42nd President of the United States
January 20, 1993 – January 20, 2001
|Vice President(s)||Albert Gore, Jr.|
|Preceded by||George H. W. Bush|
|Succeeded by||George W. Bush|
|Born||August 19, 1946 (age 60)
Hope, Arkansas, USA
|Spouse||Hillary Rodham Clinton|
William Jefferson Clinton (born William Jefferson Blythe III on August 19, 1946) was the 42nd President of the United States, serving from 1993 to 2001. Before his election as President, Clinton served nearly 12 years as the 50th and 52nd Governor of Arkansas. His wife, Hillary Rodham Clinton, is the junior United States Senator from New York, where they both reside. Clinton founded and heads the William J. Clinton Foundation.
William Jefferson Blythe III was born in Hope, Arkansas, and raised in Hot Springs, Arkansas. He was named after his father, William Jefferson Blythe, Jr., a traveling salesman who died in a car accident three months before he was born. His mother, born Virginia Dell Cassidy (1923–1994), remarried in 1950 to Roger Clinton. Roger Clinton owned an automobile dealership business with his brother, Raymond. The young Billy, as he was called, was raised by his mother and stepfather, assuming his last name "Clinton" throughout elementary school but not formally changing it until he was 14. Clinton grew up in a traditional, albeit blended, family; however, according to Clinton, his stepfather was a gambler and an alcoholic who regularly abused Clinton's mother and sometimes Clinton's half-brother Roger, Jr.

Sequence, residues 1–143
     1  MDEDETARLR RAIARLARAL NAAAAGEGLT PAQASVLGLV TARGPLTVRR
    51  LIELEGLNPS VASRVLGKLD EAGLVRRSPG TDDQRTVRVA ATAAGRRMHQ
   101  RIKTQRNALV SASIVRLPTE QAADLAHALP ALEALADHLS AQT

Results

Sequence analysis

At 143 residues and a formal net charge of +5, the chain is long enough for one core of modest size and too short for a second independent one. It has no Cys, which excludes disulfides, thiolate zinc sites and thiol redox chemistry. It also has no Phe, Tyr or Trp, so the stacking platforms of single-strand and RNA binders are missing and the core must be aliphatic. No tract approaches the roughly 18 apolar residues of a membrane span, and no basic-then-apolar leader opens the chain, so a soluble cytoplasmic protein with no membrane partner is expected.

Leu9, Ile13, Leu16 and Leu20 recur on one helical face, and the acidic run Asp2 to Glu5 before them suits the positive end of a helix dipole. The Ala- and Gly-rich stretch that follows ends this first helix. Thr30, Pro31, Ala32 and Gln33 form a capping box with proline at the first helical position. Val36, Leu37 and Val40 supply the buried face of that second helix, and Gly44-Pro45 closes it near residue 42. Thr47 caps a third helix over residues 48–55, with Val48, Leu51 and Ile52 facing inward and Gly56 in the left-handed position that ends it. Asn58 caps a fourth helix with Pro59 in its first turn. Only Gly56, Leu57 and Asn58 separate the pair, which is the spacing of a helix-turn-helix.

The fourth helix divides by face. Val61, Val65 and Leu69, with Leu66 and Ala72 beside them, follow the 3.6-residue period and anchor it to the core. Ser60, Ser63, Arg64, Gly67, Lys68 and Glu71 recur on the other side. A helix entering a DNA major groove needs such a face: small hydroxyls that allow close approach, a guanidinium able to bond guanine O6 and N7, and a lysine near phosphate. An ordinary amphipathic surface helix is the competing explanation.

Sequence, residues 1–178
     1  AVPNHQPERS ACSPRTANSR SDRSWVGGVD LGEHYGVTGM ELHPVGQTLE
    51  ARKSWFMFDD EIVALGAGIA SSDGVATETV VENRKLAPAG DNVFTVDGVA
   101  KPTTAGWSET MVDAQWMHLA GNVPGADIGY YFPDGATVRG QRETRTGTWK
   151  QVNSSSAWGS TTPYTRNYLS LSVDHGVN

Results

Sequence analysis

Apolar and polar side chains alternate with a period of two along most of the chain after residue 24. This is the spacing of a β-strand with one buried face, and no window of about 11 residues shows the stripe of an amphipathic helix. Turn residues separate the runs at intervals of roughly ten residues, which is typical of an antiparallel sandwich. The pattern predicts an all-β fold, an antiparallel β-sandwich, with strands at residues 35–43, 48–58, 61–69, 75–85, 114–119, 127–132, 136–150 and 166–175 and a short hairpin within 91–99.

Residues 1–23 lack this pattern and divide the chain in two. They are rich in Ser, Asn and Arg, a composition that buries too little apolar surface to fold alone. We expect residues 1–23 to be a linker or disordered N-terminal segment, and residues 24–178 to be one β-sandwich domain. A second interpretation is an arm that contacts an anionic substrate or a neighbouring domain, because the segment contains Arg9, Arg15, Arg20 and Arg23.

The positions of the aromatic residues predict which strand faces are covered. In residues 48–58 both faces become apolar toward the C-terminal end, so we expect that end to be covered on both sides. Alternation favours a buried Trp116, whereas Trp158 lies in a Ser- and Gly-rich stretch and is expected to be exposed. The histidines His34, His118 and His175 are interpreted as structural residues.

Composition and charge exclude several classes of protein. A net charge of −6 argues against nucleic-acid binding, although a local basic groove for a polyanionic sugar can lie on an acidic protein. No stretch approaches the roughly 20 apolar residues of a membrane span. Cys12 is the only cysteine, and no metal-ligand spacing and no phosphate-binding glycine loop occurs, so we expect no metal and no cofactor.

Bill Clinton as a child went to St. John's Catholic School and Ramble Elementary School. While at Hot Springs High School, Clinton was an excellent student and a talented saxophonist. He considered dedicating his life to music, but a visit to the White House to meet then-President John F. Kennedy following his election as a Boys Nation Senator led him to pursue a career in politics. Clinton was a member of Youth Order of DeMolay but never actually became a Freemason. 
Clinton received a Bachelor of Science in Foreign Service (B.S.F.S.) degree from the Edmund A. Walsh School of Foreign Service at Georgetown University in Washington D.C., where he became a brother of Alpha Phi Omega, worked for Senator J. William Fulbright, was elected to Phi Beta Kappa and won a Rhodes Scholarship to University College, Oxford. While at Oxford, he played rugby union as a
January 9, 1979 – January 19, 1981
January 11, 1983 – December 12, 1992
|Lieutenant Governor:||Joe Purcell
|Predecessor:||Joe Purcell (1st)
Frank D. White (2nd)
|Successor:||Frank D. White (1st)
Jim Guy Tucker (2nd)
|Born:||August 19, 1946
|Spouse:||Hillary Rodham Clinton|
In 1974, his first year as a University of Arkansas law professor, Clinton ran for the House of Representatives. The incumbent, John Paul Hammerschmidt, defeated Clinton with 52% of the vote. In 1976, Clinton was elected Attorney General of Arkansas without opposition in the general election.
In 1978, Bill Clinton was first elected Governor of Arkansas, the youngest to be elected governor since 1938. His first term was fraught with difficulties, including an unpopular motor vehicle tax and popular anger over the escape of Cuban prisoners (from the Mariel boatlift) detained in Fort Chaffee in 1980.